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Wynn contract agreement with Culinary ends fears of a strike on the Strip 

The tentative five-year deal is the third announced this week between the labor organization and the gaming industry’s three largest resort operators.
Howard Stutz
Howard Stutz

Wynn Resorts and Culinary Workers Local 226 reached a tentative agreement on a new five-year contract early Friday morning, hours before picket lines would have gone up in front of the company’s two Strip hotel-casinos.

The announcement follows similar contract negotiations achieved this week between the Culinary and its affiliated Bartenders Local 165 with Caesars Entertainment and MGM Resorts International, which averted what would have been the first mass walkout of non-gaming union workers on the Strip in 39 years.

The tentative agreements, which will need to be ratified by employees at the 18 casino resorts operated by the three companies, cover more than 40,000 workers and establish the benchmark for the union to open contract talks with dozens of other resort operators in Las Vegas.

The agreement with Wynn covers 5,000 workers at Wynn Las Vegas and Encore.

“After 7 months of negotiations, we are proud to say that this is the best contract and economic package we have ever won in our 88-year history,” Culinary Secretary-Treasurer Ted Pappageorge said in a joint statement from the union and Wynn that mirrored remarks earlier this week.

During a Friday afternoon press briefing, Pappageorge said total wages and benefits for union workers at the three companies would eclipse $2 billion over the contract's life. He said a Culinary worker’s average salary was $26 an hour at the end of the previous contract, but under the new contract would rise to an average of $35 an hour.

Official contract language was not released, but Pappageorge said Friday the agreements include the substantial wage and benefit increases over the five-year period, workload reductions for guest room attendants, the reinstatement of daily hotel room cleaning, increased safety protections for workers on the job and expanded technology contract language.

“Economics was only one part of [the contract],” he said. “We had very difficult negotiations on very important goals and we achieved huge victories and every one of them.”

Pappageorge said the contract agreement provided “a safety net for folks” affected by the changes in technology. The companies also agreed in principle to not interfere in union efforts to organize some 10,000 workers at non-union restaurants inside their properties that are owned and operated by third parties.  

Pappageorge said earlier this week that daily room cleaning became a strike issue during the Legislature earlier this year because Culinary-backed Democratic lawmakers and Republican Gov. Joe Lombardo approved the repeal of a pandemic-era law that mandated that all hotel rooms be sanitized daily.

Meanwhile, in a statement released by the White House, President Joe Biden congratulated the unions and the companies on reaching tentative contract agreements, applauding on Las Vegas’ “long union history and workers have been critical to the city’s growth and success.”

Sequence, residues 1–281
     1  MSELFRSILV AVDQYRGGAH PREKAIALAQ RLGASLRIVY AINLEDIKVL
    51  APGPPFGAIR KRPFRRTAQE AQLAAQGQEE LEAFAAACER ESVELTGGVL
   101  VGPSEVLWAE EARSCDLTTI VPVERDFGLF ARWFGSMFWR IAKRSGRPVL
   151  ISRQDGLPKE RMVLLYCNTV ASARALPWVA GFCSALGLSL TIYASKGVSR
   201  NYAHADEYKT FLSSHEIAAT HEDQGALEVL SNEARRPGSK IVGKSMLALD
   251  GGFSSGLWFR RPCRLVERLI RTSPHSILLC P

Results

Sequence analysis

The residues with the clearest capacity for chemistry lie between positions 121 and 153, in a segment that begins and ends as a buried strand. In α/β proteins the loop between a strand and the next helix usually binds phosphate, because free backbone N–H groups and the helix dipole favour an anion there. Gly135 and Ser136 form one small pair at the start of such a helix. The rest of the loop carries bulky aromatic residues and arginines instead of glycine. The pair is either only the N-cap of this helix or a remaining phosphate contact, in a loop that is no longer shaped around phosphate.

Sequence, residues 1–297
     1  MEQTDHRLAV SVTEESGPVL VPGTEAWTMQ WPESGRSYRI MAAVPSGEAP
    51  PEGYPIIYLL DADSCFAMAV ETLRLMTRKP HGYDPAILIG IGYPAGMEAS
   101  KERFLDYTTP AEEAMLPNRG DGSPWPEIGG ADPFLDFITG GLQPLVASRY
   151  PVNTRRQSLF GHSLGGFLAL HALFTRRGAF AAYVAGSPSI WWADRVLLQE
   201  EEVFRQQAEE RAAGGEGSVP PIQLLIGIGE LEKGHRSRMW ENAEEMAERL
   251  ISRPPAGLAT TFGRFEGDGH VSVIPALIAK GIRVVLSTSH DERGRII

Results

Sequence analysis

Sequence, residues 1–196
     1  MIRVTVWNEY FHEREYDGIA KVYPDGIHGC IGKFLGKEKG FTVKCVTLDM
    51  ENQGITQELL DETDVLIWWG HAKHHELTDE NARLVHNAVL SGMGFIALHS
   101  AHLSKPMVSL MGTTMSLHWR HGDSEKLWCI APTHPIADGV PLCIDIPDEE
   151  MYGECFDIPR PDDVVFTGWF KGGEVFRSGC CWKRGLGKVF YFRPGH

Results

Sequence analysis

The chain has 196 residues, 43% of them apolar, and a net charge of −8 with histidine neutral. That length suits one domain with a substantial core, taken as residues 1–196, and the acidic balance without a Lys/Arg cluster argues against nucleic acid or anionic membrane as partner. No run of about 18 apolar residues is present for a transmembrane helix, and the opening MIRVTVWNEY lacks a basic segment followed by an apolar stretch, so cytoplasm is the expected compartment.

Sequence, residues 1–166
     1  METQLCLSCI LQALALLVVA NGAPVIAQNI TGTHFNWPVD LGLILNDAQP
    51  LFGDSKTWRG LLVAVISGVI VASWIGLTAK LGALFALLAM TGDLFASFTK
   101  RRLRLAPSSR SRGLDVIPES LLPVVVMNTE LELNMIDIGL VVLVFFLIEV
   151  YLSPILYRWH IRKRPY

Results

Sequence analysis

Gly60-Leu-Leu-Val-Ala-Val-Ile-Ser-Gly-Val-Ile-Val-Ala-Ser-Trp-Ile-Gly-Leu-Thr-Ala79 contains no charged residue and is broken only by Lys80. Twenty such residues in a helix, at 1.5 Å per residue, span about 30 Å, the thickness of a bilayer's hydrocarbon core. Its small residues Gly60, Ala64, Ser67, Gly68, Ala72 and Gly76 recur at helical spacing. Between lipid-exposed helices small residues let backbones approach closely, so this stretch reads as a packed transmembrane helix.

Last month, Vice President Kamala Harris visited the Culinary’s headquarters to meet with workers and union leadership.

“As a candidate for President, I had the honor of joining Culinary Union members on the picket line and standing shoulder-to-shoulder with men and women who form the backbone of a city that brings joy to millions around the world,” Biden said.

In the joint statement, Wynn Resorts spokesman Michael Weaver said company employees deserved to work in an environment “in which they feel valued and well compensated.”  

He said the contract agreement with the unions, “fulfills our shared goal of providing outstanding benefits and overall compensation to our employees in a work environment that is second to none.”

Wynn Resorts officials did not discuss the status of the contract negotiations with the Culinary during the company's third-quarter conference call Thursday afternoon. 

However, Wynn CFO Julie Cameron-Doe said the company budgeted for increased payroll costs covering union and non-union employees during the recently completed three-month period and heading into 2024.

The agreement with Wynn was announced at 2 a.m., three hours before a strike, which was overwhelmingly approved by workers in September, would have clogged areas around the properties less than a week before the start of the three-day Formula One Las Vegas Grand Prix.

The Culinary and Bartenders have been in contract talks with the three companies since April to negotiate new five-year deals. The previous agreements signed in 2018 expired at the end of May but extensions were reached while the unions continued talks with Wynn, Caesars and MGM throughout the summer.

Pappageorge did not say when contract discussions with gaming companies representing 24 Strip and downtown properties would begin. He said the initial goal is the ratify the agreements with MGM, Wynn and Caesars soon after the Las Vegas Grand Prix.

Updated at 4:04p.m. on 11/10/2023 with additional information about the agreements.


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